AI Fairness 360

The IBM AI Fairness 360 Toolkit contains several bias mitigation algorithms that are applicable to various stages of the machine learning pipeline. The toolkit implements different notions of fairness, both on individual and the group level, and several fairness metrics for both classes of fairness. The toolkit provides additional guidance on choosing metrics and mitigation algorithms given a particular goal and application.

The following should be noted when using the fairness toolkit (and other similar toolkits, for that matter):

The toolkit should only be used in a very limited setting: allocation or risk assessment problems with well-defined protected attributes in which one would like to have some sort of statistical or mathematical notion of sameness. Even then, the code and collateral contained in AIF360 is only a starting point to a broader discussion among multiple stakeholders on overall decision making workflows. source

Moreover, the choice for a particular algorithm from the toolkit also depends on assumptions on the equality of people. Within the group fairness approach, the toolkit distinguishes two different “worldviews” underlying group fairness: the “we’re all equal” worldview and the “what you see if what you get worldview”. See group fairness for a further explanation.

To choose an approach, we need to consider 1) the type of fairness to strive for 2) given that type, which fairness metrics/constraints to use (if applicable) 3) where in the pipeline to intervene 4) which algorithm is suitable to support the made choices.

Choosing fairness metrics

The amount of implemented fairness metrics is very large, so we refer here to the API and summarize the directions given in the guidance material.

Individual vs. group

For individual fairness, refer to the SampleDistortionMetric.

For group fairness, refer to DatasetMetric and its children classes BinaryLabelDatasetMetric and ClassificationMetric.

It is possible to combine individual- and group fairness in a single metric. The ClassificationMetric contains several measures related to the generalized entropy index suitable for this purpose.


The metrics under (BinaryLabel)DatasetMetric apply to the training data and are thus relevant for the preprocessing stage.

The metrics under ClassificationMetric apply to the models themselves and are thus relevant during the in-processing stage.


In the case of group fairness, the underlying “worldview” can be a relevant factor in choosing metrics.

For “we are all equal” worldview the demographic parity metrics are appropriate, e.g.

  • disparate_impact
  • statistical_parity_difference

If the application follows the “what you see is what you get” worldview, then variations of the equality of odds fairness metric is appropriate:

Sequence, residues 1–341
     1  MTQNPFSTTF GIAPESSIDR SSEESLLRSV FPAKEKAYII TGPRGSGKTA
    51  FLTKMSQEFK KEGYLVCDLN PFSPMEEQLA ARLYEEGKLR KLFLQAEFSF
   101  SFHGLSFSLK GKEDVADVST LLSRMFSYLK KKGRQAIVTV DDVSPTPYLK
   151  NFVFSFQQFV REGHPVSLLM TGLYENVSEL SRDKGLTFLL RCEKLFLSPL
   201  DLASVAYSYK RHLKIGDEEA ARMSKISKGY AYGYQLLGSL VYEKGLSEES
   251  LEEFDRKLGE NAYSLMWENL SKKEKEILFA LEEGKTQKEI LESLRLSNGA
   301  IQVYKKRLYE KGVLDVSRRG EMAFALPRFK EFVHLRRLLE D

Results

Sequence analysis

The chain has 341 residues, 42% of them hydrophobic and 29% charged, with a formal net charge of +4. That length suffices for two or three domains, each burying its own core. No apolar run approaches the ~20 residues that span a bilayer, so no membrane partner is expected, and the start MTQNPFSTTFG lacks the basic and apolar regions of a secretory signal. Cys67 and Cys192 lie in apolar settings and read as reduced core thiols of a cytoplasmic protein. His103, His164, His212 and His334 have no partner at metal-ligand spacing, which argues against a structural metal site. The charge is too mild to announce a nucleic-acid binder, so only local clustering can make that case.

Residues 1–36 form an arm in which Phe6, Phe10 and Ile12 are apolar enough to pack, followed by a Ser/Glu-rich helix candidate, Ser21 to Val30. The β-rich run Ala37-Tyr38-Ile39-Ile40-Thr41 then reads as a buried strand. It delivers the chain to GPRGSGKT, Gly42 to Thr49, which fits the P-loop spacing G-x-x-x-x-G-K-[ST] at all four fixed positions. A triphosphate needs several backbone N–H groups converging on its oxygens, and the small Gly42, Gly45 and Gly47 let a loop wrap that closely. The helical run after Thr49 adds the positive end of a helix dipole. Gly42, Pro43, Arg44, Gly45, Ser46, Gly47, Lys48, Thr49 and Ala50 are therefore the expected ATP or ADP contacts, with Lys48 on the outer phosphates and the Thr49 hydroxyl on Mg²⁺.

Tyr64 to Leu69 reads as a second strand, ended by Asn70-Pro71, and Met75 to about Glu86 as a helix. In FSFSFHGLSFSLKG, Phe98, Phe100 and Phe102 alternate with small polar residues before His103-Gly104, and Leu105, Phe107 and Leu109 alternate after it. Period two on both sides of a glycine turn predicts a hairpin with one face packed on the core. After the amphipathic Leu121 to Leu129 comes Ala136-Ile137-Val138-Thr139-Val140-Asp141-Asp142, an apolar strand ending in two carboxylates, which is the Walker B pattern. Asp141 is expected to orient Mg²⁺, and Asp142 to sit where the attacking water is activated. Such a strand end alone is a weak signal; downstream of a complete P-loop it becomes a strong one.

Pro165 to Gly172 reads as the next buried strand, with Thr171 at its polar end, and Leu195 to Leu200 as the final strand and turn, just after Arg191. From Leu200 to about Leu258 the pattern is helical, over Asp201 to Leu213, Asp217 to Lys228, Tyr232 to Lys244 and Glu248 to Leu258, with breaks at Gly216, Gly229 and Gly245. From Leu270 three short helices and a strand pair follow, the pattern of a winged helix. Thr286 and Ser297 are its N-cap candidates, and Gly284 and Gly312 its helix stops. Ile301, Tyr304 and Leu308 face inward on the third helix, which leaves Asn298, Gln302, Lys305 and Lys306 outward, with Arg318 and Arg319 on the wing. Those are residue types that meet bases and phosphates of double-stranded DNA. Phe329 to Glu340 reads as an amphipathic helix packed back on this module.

• average_odds_difference
  • average_abs_odds_difference

Some metrics are not specific to a particular worldview, such as metrics based on error rates, e.g.:

  • false_negative_rate_ratio
  • false_positive_rate_ratio
  • error_rate_ratio

Choosing algorithms

The API nicely lists algorithms by the stage they are applicable in. The algorithms that affect the in-processing stage are mostly suitable for classification. However, a reduction-based approach such as GridSearchReduction can also be used for regression.


For preprocessing algorithms see aif360.algorithms.preprocessing:

Relevant remarks from the guidance material on the preprocessing algorithms:

  • “Among pre-processing algorithms, reweighing only changes weights applied to training samples; it does not change any feature or label values. Therefore, it may be a preferred option in case the application does not allow for value changes.”
  • “Disparate impact remover and optimized pre-processing yield modified datasets in the same space as the input training data, whereas LFR’s pre-processed dataset is in a latent space.”
  • “If the application requires transparency on the transformation, then disparate impact remover and optimized pre-processing may be preferred options”
  • “Moreover, optimized pre-processing addresses both group fairness and individual fairness.”


For algorithms for fair learning see aif360.algorithms.inprocessing.

Relevant remarks from the guidance material on the “in-processing” algorithms:

  • “Among in-processing algorithms, the prejudice remover is limited to learning algorithms that allow for regularization terms whereas the adversarial debiasing algorithm allows for a more general set of learning algorithms, and may be preferred for that reason.”


For post-processing algorithms, see aif360.algorithms.postprocessing.

Relevant remarks from the guidance material on the “post-processing” algorithms:

  • “Among post-processing algorithms, the two equalized odds post-processing algorithms have a randomized component whereas the reject option algorithm is deterministic, and may be preferred for that reason.”